War spreads to the north of Sri Lanka
14 August 2006
Fighting between the Sri Lankan military and the Liberation Tigers of Tamil Eelam (LTTE) intensified and expanded over the weekend to the northern Jaffna peninsula, claiming as many as 200 lives. While neither side has formally withdrawn from the 2002 ceasefire, the agreement is effectively a dead letter. The island is rapidly sliding back into full-scale civil war.
The LTTE launched a coordinated offensive last Friday on key military positions, including an artillery barrage on the Palaly airbase on the north of the Jaffna peninsula. The facility is a crucial lifeline for security forces stationed in the area as road links to the south of the island run through LTTE-controlled territory and have now all been closed.
A military Bell 212 helicopter as well as parts of the runway were damaged, forcing a suspension of all military and commercial flights. The Security Forces Head Quarters, situated in the same complex, came under LTTE long-range artillery fire from a distance of about 30 kilometres. The army has been compelled to rely on military helicopters to ferry in commandos to reinforce its ground forces.
The LTTE also advanced northward from Elephant Pass—a key strategic position that acts as the gateway to the Jaffna peninsula and was captured by the LTTE in 2000. LTTE fighters overran a number of the army’s forward bunkers. Sri Lanka Monitoring Mission (SLMM) representative Robban Nilsson told Reuters: “Ten bunkers of the Sri Lankan Army were taken but five of them were retaken by the security forces... They [the LTTE] are still 500 metres inside the [army] forward defence lines.”
On Saturday morning the LTTE also shelled the eastern port of Trincomalee—a major naval base and crucial link in shipping troops and military supplies to Jaffna. In 2000, the Sri Lankan military confronted a disaster when tens of thousands of troops were cut off and confronted a concerted LTTE offensive up the Jaffna peninsula. Only the intervention of India and the major powers pressured the LTTE to halt its drive and prevented a major debacle for the military.
The military claimed to have thwarted an LTTE sea-borne attack on positions near Jaffna town. Military spokesman Brigadier Athula Jayawardena said helicopter gunships had attacked a number of LTTE craft in the early hours of Sunday. He said troops were still hunting a group of LTTE fighters who infiltrated Kayts Island on Friday.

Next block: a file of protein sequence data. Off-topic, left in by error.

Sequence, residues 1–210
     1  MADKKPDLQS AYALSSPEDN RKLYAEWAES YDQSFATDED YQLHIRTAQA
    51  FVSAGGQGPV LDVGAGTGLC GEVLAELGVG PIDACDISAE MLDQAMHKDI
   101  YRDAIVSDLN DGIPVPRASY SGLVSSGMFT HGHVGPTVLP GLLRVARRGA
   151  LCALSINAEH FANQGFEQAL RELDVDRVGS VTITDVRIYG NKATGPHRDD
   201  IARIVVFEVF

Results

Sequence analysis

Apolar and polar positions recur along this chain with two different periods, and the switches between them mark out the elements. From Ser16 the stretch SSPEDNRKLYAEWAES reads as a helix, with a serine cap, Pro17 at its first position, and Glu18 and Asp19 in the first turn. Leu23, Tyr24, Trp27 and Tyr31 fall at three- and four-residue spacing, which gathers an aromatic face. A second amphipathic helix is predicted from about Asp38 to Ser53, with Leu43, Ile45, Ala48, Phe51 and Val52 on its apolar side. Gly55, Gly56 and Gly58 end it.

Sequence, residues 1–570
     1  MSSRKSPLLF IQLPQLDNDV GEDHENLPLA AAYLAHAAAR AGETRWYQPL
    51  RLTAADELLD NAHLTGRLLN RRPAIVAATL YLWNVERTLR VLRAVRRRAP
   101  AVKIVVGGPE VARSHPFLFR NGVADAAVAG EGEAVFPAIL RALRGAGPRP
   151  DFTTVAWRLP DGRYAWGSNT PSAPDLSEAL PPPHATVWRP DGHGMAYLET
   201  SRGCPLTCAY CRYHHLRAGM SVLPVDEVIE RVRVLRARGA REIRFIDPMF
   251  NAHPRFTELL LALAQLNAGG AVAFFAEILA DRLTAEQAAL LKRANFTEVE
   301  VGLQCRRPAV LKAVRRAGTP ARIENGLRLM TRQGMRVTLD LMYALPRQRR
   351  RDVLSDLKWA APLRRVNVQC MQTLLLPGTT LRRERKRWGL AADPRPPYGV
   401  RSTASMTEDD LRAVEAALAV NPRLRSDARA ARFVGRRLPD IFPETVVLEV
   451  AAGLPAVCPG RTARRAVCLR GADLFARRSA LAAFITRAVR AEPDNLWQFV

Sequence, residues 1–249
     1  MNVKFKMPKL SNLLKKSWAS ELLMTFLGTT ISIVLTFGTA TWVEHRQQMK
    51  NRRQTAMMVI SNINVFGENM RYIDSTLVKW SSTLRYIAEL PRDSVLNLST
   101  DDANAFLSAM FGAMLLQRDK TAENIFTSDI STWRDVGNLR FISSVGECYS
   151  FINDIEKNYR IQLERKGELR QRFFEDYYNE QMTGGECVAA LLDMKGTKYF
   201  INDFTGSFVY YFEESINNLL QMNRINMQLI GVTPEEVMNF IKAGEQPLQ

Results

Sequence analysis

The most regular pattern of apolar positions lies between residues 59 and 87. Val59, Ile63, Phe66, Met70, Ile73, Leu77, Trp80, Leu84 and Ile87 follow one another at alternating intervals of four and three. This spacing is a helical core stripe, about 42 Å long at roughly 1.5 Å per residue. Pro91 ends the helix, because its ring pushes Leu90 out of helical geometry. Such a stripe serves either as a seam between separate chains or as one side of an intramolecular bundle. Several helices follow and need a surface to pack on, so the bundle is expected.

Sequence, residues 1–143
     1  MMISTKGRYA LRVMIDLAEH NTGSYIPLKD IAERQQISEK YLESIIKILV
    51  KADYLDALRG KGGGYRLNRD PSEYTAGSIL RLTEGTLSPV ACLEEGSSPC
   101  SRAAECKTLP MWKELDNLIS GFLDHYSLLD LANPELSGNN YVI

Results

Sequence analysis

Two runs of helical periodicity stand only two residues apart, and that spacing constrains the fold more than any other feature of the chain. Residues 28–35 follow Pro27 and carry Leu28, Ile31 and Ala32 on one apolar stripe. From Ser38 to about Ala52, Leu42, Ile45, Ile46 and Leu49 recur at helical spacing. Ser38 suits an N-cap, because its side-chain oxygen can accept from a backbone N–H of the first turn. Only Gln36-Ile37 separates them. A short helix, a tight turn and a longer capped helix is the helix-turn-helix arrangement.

Estimates of the number of dead in two days of fighting vary widely. The military has admitted that 36 of its personnel are dead and at least 80 injured, while claiming to have killed 150 rebels. The LTTE has acknowledged the deaths of 22 of its fighters.
President Mahinda Rajapakse and his government have cynically blamed the LTTE for the latest round of fighting. Government spokesman Nimal Siripala De Silva told the state-owned newspaper Silumina on Sunday: “The government has emphasised that the military steps taken are to safeguard the rights of the masses and secure national defence, which constitutes no violation of the cease-fire agreement.”
In reality, the escalating conflict is a direct product of a series of provocative attacks on the LTTE by the military and allied paramilitaries following Rajapakse’s narrow election win last November. The current fighting is a direct consequence of the president’s decision to order an offensive on July 26 to capture the Mavilaru irrigation sluice gate on “humanitarian grounds” to provide water to farmers downstream. Even though the LTTE opened the sluice gate last week, the military has continued its operation to seize LTTE territory—a clear breach of the ceasefire.
The army’s operations have not been limited to the area around Mavilaru. The military used the offensive as the pretext to bombard a number of key LTTE positions, including the Sampur area south of the port of Trincomalee. Yesterday, the LTTE accused Special Task Force police of attempting to overrun one of its camps near the eastern town of Batticaloa. The military top brass has long sought to take advantage of a debilitating split in the LTTE’s ranks in 2004 that led to the formation of the breakaway Karuna group. Not surprisingly, the LTTE has retaliated by attacking the army’s weak points on the Jaffna peninsula.No negotiations